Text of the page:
True Blue

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Touring Around

Put the “tour” in “tourist” with a guided visit to Thunderbird Lodge. (Photo by Jarvis Photography)

Thunderbird Lodge

Known as the “castle in the sky,” this storied estate built by eccentric billionaire George Whittell Jr. in the 1930s is like the Hearst Castle of Lake Tahoe. View the five-story home and its grounds—where Whittell and his exotic pets like Bill the lion and Mingo the elephant lived—on a guided tour, during which you’ll enter a 600-foot tunnel to the boathouse that shelters Whittell’s legendary wooden speedboat, view a hidden passageway to his opium den, and see his Card House with a secret escape door where he played poker with the likes of baseball legend Ty Cobb. For a more extravagant experience, take a boat tour to the mansion or a kayak tour from Sand Harbor, complete with a Continental breakfast or picnic lunch. $39 per adult for regular tour. 5000 Nevada 28. Incline Village. 800-468-2463. thunderbirdtahoe.org

Hellman-Ehrman Mansion

This stunning lakefront mansion, which was completed in 1903, takes you back in time to Tahoe’s early years as an elite retreat, when visitors could arrive only by boat. San Francisco banker Isaias W. Hellman built the stone craftsman-style home on Tahoe’s West Shore, and nowadays a docent will take you on a half-hour tour of the living areas, bedrooms, kitchen and servants’ quarters, decorated in 1930s period furniture with original chandeliers. After your visit, wander down to the boathouse where you can rent kayaks and paddleboards to embark on your own lakeside adventure, or step onto the long swimming dock for panoramic views of South Lake’s mountainsides. $10 for adults. 7360 West Lake Blvd. Tahoma. 530-583-9911. parks.ca.gov

Tahoe Photographic Tours

For a picture-perfect outing, join one of the popular excursions led by Tahoe Photographic Tours—ranked on TripAdvisor as the top activity in South Lake Tahoe—where you’ll be whisked away to many of the lake’s most visually spectacular sights. Your Instagram-ready journey starts when a guide picks you up at your South Shore hotel (or anywhere else in that area) in a luxury SUV and continues with a leisurely drive to a rotating lineup of picturesque locations like Emerald Bay, Taylor Creek (where bears are occasionally sighted) and Fallen Leaf Lake (a glacier-hewn sapphire oval nestled above Tahoe). You’ll learn about Tahoe’s history and geology, be given plenty of time to snap away at every stop and offered photography tips throughout the tour (no need to take selfies either—the guide will take pictures of you and your group and then email them to you after the trip). Special themed tours are also offered, including ones timed to help you capture the rising or setting sun. $149-$225. 530-577-5264. tahoephotographictours.com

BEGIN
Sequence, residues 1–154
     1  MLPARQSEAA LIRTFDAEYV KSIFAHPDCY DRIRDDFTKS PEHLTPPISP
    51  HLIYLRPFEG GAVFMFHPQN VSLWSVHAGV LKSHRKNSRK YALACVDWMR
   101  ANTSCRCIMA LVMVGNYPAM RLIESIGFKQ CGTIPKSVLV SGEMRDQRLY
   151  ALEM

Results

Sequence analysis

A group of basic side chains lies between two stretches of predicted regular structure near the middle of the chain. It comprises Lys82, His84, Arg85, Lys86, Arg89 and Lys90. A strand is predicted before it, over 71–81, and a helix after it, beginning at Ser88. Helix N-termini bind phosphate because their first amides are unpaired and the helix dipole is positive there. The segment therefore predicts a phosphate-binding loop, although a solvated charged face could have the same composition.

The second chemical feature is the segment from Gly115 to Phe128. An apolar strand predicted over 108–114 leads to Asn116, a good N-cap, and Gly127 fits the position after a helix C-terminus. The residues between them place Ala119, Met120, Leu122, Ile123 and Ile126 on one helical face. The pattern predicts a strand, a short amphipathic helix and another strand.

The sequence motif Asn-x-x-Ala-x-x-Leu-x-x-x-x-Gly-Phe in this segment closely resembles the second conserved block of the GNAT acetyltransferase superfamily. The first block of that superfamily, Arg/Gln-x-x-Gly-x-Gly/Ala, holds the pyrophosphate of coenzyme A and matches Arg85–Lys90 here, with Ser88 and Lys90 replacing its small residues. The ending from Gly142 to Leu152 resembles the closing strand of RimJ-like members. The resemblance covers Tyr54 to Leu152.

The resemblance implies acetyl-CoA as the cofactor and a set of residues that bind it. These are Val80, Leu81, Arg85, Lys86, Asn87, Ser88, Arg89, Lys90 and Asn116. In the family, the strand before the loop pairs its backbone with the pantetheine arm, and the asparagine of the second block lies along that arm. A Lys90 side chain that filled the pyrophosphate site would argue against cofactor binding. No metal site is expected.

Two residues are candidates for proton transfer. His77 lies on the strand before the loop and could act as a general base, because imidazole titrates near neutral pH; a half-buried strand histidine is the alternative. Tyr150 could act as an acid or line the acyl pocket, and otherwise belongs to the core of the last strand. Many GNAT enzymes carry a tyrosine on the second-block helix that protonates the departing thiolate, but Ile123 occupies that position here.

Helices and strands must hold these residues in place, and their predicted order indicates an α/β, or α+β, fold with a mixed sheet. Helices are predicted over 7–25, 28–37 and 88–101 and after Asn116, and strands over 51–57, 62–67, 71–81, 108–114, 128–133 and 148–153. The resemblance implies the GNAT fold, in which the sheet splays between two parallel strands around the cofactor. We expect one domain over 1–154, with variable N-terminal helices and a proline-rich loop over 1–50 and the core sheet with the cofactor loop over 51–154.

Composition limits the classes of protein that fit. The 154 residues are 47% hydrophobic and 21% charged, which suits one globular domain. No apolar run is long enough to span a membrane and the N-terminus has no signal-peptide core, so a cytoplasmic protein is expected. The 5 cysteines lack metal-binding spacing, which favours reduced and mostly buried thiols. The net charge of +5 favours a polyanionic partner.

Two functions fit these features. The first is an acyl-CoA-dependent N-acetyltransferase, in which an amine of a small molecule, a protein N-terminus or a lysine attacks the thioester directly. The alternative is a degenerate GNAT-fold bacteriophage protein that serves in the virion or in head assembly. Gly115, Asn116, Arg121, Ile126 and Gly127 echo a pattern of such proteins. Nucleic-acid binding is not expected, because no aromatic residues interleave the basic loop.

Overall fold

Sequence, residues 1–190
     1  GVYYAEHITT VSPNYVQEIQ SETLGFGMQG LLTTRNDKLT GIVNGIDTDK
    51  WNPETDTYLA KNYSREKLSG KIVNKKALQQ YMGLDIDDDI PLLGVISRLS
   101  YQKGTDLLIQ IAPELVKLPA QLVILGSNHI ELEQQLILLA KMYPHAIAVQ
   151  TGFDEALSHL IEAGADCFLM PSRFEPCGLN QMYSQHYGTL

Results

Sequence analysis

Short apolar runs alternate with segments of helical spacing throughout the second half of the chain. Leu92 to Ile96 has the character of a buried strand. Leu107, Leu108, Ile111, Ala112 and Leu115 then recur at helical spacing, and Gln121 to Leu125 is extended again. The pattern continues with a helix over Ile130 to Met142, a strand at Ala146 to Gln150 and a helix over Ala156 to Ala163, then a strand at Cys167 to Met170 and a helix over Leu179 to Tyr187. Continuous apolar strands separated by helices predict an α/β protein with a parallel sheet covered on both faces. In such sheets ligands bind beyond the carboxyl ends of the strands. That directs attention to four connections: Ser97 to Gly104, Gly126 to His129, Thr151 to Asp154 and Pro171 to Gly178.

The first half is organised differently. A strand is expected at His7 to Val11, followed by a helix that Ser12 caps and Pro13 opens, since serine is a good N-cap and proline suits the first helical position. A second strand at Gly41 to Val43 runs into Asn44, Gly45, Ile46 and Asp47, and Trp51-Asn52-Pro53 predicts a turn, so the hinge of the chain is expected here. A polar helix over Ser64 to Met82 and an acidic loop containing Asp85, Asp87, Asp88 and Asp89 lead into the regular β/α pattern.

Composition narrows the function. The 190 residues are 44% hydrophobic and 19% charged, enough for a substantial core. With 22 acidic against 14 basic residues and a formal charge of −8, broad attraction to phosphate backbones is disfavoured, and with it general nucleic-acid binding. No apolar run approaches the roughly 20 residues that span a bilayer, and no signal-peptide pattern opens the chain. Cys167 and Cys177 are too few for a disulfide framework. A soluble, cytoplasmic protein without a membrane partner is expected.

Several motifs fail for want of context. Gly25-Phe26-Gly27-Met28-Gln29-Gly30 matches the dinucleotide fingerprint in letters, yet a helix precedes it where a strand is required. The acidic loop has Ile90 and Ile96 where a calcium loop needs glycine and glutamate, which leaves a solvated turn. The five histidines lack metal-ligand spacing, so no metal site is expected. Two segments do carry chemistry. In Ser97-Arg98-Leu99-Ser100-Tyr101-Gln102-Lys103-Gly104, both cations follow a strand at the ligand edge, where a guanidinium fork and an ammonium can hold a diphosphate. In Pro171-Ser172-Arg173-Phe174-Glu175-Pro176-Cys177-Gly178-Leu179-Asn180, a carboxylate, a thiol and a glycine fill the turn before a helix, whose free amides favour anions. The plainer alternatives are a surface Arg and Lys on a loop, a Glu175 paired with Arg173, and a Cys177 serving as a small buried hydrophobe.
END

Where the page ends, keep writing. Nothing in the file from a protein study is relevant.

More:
UC Davis Tahoe Science Center

Science rules at this high-tech, hands-on education center in Incline Village, housed in Nevada’s first Platinum LEED-certified building, where the whole family can learn what’s below the surface of the country’s second-deepest lake. Take a one-hour, docent-led tour, where you’ll step aboard a virtual research vessel, find zooplankton under microscopes and take a 3D virtual reality flight through Lake Tahoe. Little ones can get their hands dirty at the new Shaping Watersheds interactive sandbox (a guaranteed big hit). Before leaving the center, pick up one of those famous “Keep Tahoe Blue” bumper stickers—or honor your favorite lake scientist with a lesser-known “Have you hugged a limnologist today?” sticker. Free. Sierra Nevada College. 291 Country Club Dr. Incline Village. 775-881-7560. tahoesciencecenter.com

Vikingsholm at Emerald Bay

Emerald Bay may be one of the most popular destinations on the lake, but less known is the 1929 mansion that sits on its shore. It’s less known in part because it’s only open from Memorial Day until the end of September, and because it’s primarily accessible via a steep, one-mile hike that starts at the parking lot off Highway 89 and descends 500 feet to Vikingsholm (the 6,300-foot elevation doesn’t help either). Those that do brave the walk, however, will be rewarded with the chance to explore the 38-room property built by heiress Lora Josephine Knight. Designed in the style of a Scandinavian castle, the unique sod-roofed home—which includes a custom Steinway piano that Liberace once played—is open for daily 30-minute tours. $10 for adults. California 89. Tahoma. 530-583-9911. vikingsholm.com

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